Ursula von der Leyen of the piercing blue eyes, the tireless Nicolas Schmidt, Margaritis Schinas (or is it Humphrey Bogart?), Margrethe Vestager’s tea and… sofagate.

The most influential European in Brussels, the face behind the DG Meme account with its 115,000 plus followers on the “X” platform, Fabio Mauri talks to TO VIMA about the key figures in the outgoing European leadership, the far right, but mainly about what he had in mind when he created “DG Meme and Satire” (“DG” being Eurospeak for “Directorate General”). The aim, he says, was to satirize problems with the institutions, and also to describe another reality within the Brussels bubble in language people could understand. And always from a clearly pro-European perspective.

Who could forget ‘sofagate’, with the President of the European Council, Charles Michel, took the seat next to Tayyip Erdogan in Ankara and left the President of the European Commission, Ursula von der Leyen, literally speechless, staring at them in shock. Fabio thinks the meme about the incident was one of the funniest of all.

“There were lots of tasty moments, but ‘sofagate’ was the funniest of them all; it was really quite something. My meme about the ‘sofa’, for which I just used an Ikea chair and called it ‘Erdogan’, was retweeted in Kurdistan. I gained lots of young followers from Turkey. It was a highly memorable moment.”

Recently, he met both the EPP candidate seeking a second term as Commission President, Ursula von der Leyen, and the Socialist candidate Nicolas Schmidt.

“Before anything else, we need to grasp that the holders of senior political positions like these cannot be like the typical leaders we have back home. These candidates always represent a compromise. So they need to be able to navigate the complexity of the European Union”, Fabio replied when asked about his meeting with Ursula von der Leyen. At the same time, he said, this is a woman “who has a lot of problems on her plate” due to her position. Her dedication and energy are some of the key elements he focuses on: “She has these very intense, blue eyes. She listened to what I had to say and laughed a lot at what I got across in the memes. So I view her positively. Of course, it’s complicated and you can criticize many of the choices she’s made in the past, but then again her leadership has been strong and committed. She conveys a real sense of energy that belies her age”.

The socialist Nicholas Schmidt is tireless, too: “It was very funny to meet him. He was also highly energetic, which is impressive considering he’s 70 and has been touring Europe for the last three months. That’s so impressive. In fact, his assistant told me “I’m 34, and I’m exhausted”. It was nice to talk to him. And he was very easy to talk to. You see, as a member of the Socialist Party, he has a lot of experience talking to everyday folk. So, yes, I responded positively to him, too. They’re definitely smart leaders, the pair of them.”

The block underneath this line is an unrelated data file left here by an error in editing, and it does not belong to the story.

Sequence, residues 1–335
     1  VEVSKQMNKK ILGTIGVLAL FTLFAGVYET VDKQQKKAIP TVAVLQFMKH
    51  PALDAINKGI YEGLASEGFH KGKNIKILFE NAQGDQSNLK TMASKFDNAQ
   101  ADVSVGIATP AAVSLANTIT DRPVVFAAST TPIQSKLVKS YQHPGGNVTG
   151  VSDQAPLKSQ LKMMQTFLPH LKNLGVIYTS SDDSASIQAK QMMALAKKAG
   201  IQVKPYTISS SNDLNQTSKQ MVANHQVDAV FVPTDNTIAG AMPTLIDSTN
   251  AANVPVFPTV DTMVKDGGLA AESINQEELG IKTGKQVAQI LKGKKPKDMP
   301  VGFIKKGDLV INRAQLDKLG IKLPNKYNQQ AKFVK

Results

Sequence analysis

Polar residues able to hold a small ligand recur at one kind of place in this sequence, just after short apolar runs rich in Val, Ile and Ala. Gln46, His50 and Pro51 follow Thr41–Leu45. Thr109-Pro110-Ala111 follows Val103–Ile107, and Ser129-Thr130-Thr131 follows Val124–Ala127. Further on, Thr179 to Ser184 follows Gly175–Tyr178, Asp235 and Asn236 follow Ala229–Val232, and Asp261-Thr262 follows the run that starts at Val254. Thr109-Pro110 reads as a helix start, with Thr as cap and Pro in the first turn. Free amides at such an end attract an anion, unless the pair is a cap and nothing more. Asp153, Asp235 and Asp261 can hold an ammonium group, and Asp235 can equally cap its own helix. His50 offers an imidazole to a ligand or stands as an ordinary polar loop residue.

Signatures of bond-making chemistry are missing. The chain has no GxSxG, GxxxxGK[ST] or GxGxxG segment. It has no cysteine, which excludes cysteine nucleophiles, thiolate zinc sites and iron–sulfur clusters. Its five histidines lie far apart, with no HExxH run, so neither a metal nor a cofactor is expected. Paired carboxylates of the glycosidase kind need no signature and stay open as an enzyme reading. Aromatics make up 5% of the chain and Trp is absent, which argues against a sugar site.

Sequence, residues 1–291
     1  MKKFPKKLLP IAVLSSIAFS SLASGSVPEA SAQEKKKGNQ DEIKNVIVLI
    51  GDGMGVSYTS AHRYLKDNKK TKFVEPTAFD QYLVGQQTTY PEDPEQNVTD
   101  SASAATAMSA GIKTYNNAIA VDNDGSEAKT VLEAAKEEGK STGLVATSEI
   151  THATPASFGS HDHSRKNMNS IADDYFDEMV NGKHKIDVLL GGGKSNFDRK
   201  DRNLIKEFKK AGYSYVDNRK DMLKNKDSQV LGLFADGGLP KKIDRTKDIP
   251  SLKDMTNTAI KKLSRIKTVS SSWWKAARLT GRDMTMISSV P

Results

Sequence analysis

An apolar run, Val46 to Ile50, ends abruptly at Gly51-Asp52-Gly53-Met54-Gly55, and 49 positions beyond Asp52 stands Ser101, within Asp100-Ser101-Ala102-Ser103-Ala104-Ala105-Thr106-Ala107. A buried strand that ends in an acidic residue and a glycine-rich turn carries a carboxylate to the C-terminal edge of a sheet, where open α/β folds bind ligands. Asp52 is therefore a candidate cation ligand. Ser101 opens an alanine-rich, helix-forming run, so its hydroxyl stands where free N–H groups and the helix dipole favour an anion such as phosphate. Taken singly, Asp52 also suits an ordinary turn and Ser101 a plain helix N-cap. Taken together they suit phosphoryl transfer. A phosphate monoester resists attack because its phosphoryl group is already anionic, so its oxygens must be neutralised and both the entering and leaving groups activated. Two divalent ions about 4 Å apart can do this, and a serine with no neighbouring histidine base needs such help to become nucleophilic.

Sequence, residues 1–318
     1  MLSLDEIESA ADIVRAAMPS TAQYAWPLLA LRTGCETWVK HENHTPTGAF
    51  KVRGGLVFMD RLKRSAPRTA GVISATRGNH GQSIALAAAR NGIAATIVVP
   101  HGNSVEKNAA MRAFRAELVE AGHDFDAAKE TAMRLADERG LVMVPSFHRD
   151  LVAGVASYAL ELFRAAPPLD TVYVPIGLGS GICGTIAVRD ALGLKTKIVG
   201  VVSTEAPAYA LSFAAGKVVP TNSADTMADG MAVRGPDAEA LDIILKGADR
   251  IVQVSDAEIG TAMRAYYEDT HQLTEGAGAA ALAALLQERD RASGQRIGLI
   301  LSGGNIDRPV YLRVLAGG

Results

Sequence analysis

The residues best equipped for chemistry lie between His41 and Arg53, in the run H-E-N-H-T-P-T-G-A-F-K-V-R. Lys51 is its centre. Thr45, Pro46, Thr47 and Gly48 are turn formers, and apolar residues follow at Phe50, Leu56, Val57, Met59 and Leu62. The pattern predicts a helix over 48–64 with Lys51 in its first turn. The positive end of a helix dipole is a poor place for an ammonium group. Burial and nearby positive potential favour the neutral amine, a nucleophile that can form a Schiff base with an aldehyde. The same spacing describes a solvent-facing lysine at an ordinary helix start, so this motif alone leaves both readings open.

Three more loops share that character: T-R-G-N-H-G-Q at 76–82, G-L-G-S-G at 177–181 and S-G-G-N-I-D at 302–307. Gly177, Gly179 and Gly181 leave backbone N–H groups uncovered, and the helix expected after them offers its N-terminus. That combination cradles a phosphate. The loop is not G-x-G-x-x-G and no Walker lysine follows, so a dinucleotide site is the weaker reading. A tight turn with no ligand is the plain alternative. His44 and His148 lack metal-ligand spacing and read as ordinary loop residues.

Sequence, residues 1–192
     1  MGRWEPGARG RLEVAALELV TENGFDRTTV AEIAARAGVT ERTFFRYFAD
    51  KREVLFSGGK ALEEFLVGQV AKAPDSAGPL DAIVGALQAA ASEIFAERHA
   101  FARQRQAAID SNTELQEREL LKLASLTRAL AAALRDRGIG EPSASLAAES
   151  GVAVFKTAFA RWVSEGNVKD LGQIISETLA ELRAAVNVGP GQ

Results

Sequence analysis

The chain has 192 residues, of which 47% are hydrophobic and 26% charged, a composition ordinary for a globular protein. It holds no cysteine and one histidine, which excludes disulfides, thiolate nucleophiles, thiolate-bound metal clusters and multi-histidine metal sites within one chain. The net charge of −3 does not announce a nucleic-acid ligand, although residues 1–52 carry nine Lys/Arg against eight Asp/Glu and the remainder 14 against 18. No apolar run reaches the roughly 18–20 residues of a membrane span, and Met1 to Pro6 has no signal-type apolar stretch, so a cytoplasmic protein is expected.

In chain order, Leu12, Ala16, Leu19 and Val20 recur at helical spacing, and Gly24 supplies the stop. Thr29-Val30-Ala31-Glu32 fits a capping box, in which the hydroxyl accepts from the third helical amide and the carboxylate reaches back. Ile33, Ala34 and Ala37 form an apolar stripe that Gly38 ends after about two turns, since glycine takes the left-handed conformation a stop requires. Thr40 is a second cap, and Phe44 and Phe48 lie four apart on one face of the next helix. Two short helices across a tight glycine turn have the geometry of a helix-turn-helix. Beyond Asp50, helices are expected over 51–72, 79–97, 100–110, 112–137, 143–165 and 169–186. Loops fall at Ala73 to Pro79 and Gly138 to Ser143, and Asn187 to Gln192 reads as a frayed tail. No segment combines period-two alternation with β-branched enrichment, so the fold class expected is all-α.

The Commissioner for Competitiveness, Margrethe Vestager, was the first of the Commissioners he interviewed. He describes her as the “artistic nature” of the Commission.

“She was completely open in the interview. When I wrote to her on Twitter, “Hi, you know what I’m doing with DG Meme. I’m trying to explain Europe in a funny way. Would you have time for an interview?”, she answered within two hours. It was Saturday night and she wrote “Yes, I love your page. Please get in touch with my associate. Then we set up the meeting and the atmosphere was so lovely. I took my friend Martina with me. She baked biscuits and Vestager made the tea, so we had tea and biscuits in Berlaymont (the headquarters of the Commission). It was an almost sunny day,” he says, and talks about the “artistic commissioner. Very open, very friendly.”

Next, it was the turn of the “rationalist” commissioner, Valdis Dombrovskis. “Then I told myself I had to go the opposite way. When I suggested the interview, his office was also happy to oblige. They said “The commissioner had seen some of your work and it made him laugh. So we’ll do the interview.” And I was able to meet him. He’s a really funny guy. Of course, he places his trust in numbers and is very rational, very smart.” But then there was the office of the Slovenian crisis management commissioner, Janez Lenarčič. When I called, they said “Of course. We saw you interviewing Dombrovskis, so how could we refuse? Because what matters in the end is that you do funny things, but they’re serious, too. They have a purpose.”

Fabio has known the Vice-President of the Commission, Margaritis Schinas, for a long time, from back when he did his internship at the Commission.